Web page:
Colossally Bad

I was at the last meeting of one of my committees this morning, when someone from the Humanities mentioned that traditional higher education has worked pretty well for the last hundred years or so.

I replied that we are colossally bad at higher education.

The rest of the committee was a little taken aback by my comment, so I briefly tried to justify it, though I admit I did not do a good job. I still believe that, for the most part, students learn despite higher education and not because of it. We know that humans have a limit to their attention and capacity to learn, and yet we insist on putting students through an industrial education model. We are glad that our students get jobs and make money, but we talk very little about quality of life and preparation for lifetime learning. This is knowledge work, not factory work.

Given the amazing and accelerating interconnected complexity of the world’s problems (many “wicked problems”), I am more and more convinced that teaching students a smidgen of any one topic is really not worth the effort — whether that’s literature, computing, architecture, etc. If students cannot grok the interconnectedness of problems, they will continue to be tools of those who do.

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3 Responses to “Colossally Bad”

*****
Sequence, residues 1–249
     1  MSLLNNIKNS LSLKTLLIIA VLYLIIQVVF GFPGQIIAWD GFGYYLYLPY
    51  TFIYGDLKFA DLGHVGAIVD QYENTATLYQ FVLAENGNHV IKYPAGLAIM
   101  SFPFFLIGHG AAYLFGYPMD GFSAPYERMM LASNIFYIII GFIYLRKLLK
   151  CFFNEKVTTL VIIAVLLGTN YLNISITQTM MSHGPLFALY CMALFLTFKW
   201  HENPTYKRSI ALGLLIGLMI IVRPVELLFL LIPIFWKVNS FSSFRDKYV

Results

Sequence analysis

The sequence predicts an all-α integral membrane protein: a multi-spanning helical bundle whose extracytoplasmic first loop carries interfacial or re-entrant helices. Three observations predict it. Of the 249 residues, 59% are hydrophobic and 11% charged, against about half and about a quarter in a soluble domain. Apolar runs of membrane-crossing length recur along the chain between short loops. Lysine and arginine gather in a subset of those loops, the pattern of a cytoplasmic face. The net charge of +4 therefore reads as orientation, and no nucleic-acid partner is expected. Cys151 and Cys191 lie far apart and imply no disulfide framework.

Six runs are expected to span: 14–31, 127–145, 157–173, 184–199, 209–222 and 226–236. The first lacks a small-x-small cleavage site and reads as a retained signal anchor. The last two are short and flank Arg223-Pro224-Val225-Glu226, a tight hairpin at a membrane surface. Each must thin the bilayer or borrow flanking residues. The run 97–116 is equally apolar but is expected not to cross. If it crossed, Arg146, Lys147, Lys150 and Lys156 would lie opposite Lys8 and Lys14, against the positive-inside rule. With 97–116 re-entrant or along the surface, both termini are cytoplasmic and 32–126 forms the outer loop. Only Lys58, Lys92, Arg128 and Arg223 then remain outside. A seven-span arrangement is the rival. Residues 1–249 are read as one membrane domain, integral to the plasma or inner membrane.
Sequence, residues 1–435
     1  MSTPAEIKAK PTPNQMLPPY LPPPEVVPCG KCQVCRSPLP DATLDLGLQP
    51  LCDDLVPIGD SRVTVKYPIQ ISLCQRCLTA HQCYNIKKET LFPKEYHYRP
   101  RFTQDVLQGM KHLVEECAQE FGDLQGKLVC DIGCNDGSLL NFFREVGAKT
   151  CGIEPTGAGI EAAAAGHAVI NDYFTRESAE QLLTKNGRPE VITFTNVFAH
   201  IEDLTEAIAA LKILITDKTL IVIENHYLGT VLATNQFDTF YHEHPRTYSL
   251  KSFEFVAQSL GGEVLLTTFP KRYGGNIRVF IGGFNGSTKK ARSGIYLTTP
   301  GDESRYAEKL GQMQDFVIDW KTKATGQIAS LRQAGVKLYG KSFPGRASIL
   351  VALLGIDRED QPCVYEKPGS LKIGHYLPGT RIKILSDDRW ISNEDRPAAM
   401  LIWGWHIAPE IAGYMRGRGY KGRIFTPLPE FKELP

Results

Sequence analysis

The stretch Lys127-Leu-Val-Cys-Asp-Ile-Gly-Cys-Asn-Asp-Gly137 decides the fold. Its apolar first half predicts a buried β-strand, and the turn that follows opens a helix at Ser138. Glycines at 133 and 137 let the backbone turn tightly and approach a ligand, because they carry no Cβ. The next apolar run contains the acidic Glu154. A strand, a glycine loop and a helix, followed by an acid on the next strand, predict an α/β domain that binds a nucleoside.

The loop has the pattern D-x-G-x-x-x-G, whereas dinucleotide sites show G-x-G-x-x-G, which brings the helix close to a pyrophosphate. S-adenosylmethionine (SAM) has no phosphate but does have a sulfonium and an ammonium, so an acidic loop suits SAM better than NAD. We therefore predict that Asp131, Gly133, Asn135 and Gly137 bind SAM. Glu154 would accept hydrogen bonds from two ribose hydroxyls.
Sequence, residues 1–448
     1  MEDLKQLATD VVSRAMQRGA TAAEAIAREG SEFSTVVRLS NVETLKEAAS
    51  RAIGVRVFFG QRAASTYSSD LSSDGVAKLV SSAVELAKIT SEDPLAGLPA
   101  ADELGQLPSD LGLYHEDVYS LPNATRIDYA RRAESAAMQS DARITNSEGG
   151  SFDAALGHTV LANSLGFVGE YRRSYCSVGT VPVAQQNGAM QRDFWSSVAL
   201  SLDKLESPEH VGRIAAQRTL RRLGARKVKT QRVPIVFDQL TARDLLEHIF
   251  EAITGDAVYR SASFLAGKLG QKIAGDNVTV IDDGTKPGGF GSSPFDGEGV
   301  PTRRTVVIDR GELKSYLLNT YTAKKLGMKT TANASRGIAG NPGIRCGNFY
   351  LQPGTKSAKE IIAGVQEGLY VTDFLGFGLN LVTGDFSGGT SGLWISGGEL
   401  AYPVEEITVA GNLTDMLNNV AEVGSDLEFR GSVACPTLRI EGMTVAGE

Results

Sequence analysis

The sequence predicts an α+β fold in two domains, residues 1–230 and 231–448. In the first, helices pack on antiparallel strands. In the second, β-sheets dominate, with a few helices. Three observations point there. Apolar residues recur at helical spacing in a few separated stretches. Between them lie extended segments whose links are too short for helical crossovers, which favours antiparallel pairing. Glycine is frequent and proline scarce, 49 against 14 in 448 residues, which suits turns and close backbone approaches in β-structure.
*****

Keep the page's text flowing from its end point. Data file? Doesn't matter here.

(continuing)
1. Jaek Smith Says:

    Sometimes I momentarily wonder how things might turn out if we allowed people to be responsible for their own education / success (from an early age)? ;)

    • Paul Gestwicki Says:

      I agree with your sentiment. I am not enough of a cultural historian to know if there really is a “entitlement generation”, but a modicum of personal responsibility is called for. It’s also easy to point fingers at K-12, but I think the problems are bigger than that. (Still, excellent K-12 teachers can make a difference, and this has been demonstrated in research, so K-12 is a good place to start fostering lifetime learning.)

  2. Writing, Scholarship, and Software « Paul Gestwicki's Blog Says:

    […] year. In Fall, I felt productive and I also felt that I was learning. In much of the Spring, I was frustrated. (Interestingly, as I look back at the past semester’s writing to pull out those links, there […]

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